The past year or so has seen one of the hottest housing markets in recent memory in many parts of the country. A combination of strong demand for housing that started during the pandemic and that has continued into 2022, coupled with a limited supply in some markets has been a perfect storm for housing price inflation. There have been many stories in the news about home sellers receiving multiple offers over their asking price within a few days of listing their home.
However, the Fed’s recent moves to raise interest rates to combat inflation have put a damper on the housing market.
Current State of the Housing Market in 2022
According to the National Association of Realtors as of May 2022:
- The median national home sales price exceeded $400,000 for the first time ever, ending the month at $407,000.
- Sales in three of the four regions tracked by the group fell month-over-month in May, year-over-year sales fell in all four regions.
Largely due to higher mortgage rates arising from the Fed’s rate increases, mortgage applications fell 5% in May compared to a year earlier. They also fell 4% from April of this year according to the Mortgage Bankers Association (MBA).
According to Jay McCanless SVP, Equity Research for Wedbush Securities, “We believe the housing market catalysts of millennial household formation and a lack of supply in for sale and for rent housing have not changed.”
He adds, “Demand appears to have slowed, at least temporarily, due to a 300bp increase in the 30-year mortgage rate from Dec. 2021 to mid-June 2022. Builders are adapting to the current situation using a mix of price cuts, mortgage rate buy downs and other incentives to stimulate demand and maintain affordability.”
How has the rise of interest rates impacted the housing market?
Clearly the increase in interest rates has put a damper on new home sales as mentioned in the MBA’s statistics on new mortgage applications above. According to Freddie Mac, the rate on a fixed-rate 30-year mortgage in May was 5.23%. This is up from 3.45% in January of this year, an increase of almost 52%. Rates on other types of mortgages have exhibited similar levels of increase as well.
According to a tweet from Freddie Mac economist Len Kiefer as quoted in Business Insider, “The U.S. housing market is at the beginning stages of the most significant contraction in activity since 2006. It hasn’t shown up in many data series yet, but mortgage applications are pointing to a large decline over summer. Purchase apps down 40% from seasonally adjusted peak.”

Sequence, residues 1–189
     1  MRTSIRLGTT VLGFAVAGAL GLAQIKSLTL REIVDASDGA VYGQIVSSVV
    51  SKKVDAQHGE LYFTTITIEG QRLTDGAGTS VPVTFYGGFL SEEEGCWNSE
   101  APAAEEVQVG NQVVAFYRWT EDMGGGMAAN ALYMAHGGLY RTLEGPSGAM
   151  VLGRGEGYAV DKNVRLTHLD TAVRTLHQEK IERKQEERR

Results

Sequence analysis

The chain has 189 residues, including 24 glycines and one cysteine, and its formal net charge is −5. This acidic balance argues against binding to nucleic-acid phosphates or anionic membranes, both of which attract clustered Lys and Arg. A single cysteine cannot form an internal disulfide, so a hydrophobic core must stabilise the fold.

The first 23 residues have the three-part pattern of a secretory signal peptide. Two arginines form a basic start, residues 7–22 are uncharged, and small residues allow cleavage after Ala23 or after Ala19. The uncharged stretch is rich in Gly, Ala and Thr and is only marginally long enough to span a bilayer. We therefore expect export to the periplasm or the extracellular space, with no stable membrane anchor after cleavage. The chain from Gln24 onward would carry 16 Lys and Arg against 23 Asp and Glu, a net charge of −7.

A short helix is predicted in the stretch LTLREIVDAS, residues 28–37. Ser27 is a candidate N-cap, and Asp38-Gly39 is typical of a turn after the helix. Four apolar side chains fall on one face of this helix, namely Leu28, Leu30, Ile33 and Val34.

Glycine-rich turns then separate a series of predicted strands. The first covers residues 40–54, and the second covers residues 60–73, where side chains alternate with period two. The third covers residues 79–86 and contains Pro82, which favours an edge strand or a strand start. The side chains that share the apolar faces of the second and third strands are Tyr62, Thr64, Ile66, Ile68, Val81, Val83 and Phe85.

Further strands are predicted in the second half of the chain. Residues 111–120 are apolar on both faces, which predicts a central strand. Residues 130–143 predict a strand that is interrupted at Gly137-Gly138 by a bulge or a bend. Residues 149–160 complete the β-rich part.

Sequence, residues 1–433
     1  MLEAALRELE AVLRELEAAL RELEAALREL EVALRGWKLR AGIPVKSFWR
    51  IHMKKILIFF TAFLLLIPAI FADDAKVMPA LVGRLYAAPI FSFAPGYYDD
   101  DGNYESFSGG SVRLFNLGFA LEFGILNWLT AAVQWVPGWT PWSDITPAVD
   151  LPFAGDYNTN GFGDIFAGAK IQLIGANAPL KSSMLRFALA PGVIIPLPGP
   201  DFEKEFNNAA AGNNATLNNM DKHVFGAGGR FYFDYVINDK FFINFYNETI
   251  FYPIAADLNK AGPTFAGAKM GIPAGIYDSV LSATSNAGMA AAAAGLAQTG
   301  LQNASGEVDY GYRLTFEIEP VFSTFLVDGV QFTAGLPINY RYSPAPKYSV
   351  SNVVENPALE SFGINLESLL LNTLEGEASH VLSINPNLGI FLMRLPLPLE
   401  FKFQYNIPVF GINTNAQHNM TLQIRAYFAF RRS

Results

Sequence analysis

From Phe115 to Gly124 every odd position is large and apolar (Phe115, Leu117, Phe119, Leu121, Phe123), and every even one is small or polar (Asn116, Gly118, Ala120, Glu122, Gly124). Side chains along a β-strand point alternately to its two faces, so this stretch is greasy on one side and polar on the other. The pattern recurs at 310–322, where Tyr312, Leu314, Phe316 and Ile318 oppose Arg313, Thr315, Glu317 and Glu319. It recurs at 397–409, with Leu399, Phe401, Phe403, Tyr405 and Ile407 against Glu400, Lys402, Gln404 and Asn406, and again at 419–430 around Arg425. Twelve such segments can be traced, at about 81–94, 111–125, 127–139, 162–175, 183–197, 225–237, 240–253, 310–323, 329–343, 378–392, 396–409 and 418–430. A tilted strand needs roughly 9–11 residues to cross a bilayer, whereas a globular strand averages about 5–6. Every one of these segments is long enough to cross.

Will the housing bubble burst?
While rising mortgage interest rates have put a damper on demand for new housing in some areas, overall, the demand for housing remains strong. Experts have varying opinions, but many still feel that the housing market will remain strong in most areas of the country over the summer months.
Are soaring U.S. property prices here to stay?
Again, opinions vary among experts here. Some, like Freddie Mac’s Len Kiefer think that rising mortgage interest rates spell the end to high home prices as soon as this summer. Others concur that rising mortgage rates will put a damper on housing demand, but that this could take as long as a couple of years to come to fruition.
For now, in many parts of the country, inventories of homes for sale remain exceptionally low. In many instances, sellers can pick and choose their buyers based on their offer. Cash is king in many cases. Buyers are often forced to pay over the listing price of the home and often need to waive typical contingencies like having the home pass an inspection.
Outlook for the end of 2022 – 23
McCanless says, “We do not produce our own macroeconomic forecasts, but the forecasters we watch are divided along two tracks. The first track assumes we are headed for a recession which could drive housing starts lower year over year in 2023. The second track assumes moderate, low single digit percentage growth for housing starts year over year in 2023. Our thinking for 2023 is aligned with the second track because the speculative excesses of the great financial crisis, lax mortgage underwriting and rampant overbuilding, have not occurred in any noticeable measure during the current cycle.”
If you are looking to buy or sell a home, contact your Wedbush financial advisor to discuss options to help you ensure that the transaction is done in the most beneficial way for your overall financial situation.
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